My cousins, who are mostly younger girls, and I just finished watching season 18 of The Ultimate Fighter together. My brother is a big UFC fan and bought the pay-per-view fight last Christmas between, amongst other people, Ronda Rousey and Meisha Tate. That fight hooked all of us.
A lot of the show is real-world style nonsense that we'd sometimes talk over or fast forward through, but it had a lot of great fights and some insight into Ronda Rousey, who is really a remarkable individual. Her mother was a judo champion, she was a judo champion, and now she's the best female fighter in her class. Besides all that, she has incredible discipline and attitude.
My favorite quote from her was when someone, a favorite to win, was slacking off a bit. She told them that they weren't training to win this fight or even to be the best; they were training to be the best on their worst day.
Wow. Training to be the best on your worst day. A lot about this idea appeals to me. I like hardcore mindsets and the pursuit of excellence, and I'm a strong believer in the idea that your true measure is your performance on bad days.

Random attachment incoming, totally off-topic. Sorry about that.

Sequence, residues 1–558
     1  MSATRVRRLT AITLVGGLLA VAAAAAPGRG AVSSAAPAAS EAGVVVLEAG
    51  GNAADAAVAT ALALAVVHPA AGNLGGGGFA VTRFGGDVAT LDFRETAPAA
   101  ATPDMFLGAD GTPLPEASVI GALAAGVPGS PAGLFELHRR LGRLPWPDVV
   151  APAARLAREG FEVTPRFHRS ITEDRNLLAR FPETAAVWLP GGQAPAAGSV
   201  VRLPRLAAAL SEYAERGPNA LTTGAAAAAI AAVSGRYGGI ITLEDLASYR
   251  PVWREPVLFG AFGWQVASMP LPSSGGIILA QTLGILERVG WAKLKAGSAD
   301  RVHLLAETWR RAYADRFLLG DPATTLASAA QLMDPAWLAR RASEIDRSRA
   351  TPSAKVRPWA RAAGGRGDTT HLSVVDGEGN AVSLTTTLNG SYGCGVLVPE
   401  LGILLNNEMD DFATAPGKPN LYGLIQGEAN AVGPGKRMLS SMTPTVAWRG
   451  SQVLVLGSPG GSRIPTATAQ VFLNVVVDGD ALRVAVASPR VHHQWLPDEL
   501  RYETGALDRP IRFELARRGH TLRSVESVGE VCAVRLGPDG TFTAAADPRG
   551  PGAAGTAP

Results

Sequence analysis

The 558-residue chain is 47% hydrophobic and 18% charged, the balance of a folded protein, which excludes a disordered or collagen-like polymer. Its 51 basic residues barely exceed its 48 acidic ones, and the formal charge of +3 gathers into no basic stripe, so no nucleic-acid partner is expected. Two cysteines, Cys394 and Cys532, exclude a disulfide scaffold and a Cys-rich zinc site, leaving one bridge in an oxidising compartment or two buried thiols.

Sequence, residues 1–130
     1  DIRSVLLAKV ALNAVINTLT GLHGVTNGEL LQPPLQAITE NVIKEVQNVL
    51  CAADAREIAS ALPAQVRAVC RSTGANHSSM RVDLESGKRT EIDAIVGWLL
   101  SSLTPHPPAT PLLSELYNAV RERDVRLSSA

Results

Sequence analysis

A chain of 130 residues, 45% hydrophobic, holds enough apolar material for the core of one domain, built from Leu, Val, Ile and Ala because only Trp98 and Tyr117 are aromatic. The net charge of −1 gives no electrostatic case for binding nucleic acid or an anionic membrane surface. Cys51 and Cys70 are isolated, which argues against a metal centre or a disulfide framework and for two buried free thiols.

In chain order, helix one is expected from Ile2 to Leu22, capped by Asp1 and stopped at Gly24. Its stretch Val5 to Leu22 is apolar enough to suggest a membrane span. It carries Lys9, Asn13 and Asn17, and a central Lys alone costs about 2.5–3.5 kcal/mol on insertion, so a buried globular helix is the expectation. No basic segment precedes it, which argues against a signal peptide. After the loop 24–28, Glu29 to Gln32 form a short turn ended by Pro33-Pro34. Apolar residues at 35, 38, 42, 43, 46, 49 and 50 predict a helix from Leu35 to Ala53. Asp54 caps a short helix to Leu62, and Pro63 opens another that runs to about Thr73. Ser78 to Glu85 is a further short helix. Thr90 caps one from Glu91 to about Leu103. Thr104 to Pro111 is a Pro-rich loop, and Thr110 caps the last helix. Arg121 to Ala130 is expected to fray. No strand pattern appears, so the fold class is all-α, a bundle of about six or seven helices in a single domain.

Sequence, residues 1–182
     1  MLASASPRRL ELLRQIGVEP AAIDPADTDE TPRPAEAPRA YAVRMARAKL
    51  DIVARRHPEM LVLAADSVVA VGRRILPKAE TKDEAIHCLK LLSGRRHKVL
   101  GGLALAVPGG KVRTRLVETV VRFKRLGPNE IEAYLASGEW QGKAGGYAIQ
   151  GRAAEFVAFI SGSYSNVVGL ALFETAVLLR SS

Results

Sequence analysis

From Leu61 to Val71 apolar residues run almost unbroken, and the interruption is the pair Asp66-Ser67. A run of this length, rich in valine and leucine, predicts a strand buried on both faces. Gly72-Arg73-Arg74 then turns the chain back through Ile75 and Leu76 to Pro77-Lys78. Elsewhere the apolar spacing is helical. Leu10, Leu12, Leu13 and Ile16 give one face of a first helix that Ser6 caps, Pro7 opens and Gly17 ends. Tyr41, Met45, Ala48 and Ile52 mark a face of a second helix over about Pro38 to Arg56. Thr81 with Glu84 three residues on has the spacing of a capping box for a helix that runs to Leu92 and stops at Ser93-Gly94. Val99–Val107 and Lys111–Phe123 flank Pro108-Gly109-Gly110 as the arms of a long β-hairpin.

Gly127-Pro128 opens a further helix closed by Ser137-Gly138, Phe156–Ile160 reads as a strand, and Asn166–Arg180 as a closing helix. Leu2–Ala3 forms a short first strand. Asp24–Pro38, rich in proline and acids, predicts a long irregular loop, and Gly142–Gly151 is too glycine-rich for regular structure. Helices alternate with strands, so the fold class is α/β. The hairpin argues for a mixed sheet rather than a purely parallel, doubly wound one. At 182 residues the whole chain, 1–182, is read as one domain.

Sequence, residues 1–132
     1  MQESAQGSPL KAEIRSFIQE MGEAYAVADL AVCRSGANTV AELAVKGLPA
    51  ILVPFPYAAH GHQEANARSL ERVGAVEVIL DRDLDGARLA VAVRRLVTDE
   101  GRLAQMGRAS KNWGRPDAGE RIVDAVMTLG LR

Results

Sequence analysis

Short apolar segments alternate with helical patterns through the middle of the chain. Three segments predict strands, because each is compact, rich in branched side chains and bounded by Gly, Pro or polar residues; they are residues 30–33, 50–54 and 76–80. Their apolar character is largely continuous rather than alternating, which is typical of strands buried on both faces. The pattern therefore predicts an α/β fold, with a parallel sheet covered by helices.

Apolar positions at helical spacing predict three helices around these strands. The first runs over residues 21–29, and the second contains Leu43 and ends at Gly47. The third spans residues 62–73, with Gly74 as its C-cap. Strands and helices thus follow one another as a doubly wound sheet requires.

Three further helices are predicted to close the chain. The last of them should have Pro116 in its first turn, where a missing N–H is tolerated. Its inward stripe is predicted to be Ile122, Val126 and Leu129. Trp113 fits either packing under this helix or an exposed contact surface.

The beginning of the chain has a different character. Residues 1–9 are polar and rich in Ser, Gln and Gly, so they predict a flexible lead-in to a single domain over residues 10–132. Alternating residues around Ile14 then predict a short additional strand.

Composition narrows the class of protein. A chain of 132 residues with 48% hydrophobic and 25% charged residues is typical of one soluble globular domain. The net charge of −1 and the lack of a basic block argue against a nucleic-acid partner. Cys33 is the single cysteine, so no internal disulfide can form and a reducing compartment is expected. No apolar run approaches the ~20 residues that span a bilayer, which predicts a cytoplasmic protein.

That trap that the fighter was falling into, getting complacent when things become easy, is so dangerous. It leads to something far worse than failure: mediocrity. It's one thing to have limitations. We all have those. But it's another to fail to push up against those limitations.
Sometimes we need a reminder to set our sights high. That's what Ronda's little speech did to me. I need to train to be the best on my worst day. That's probably not a goal I can reach in any field, which means that there's always more work to be done.
Photo is my reflection in a sculpture at the MFA Boston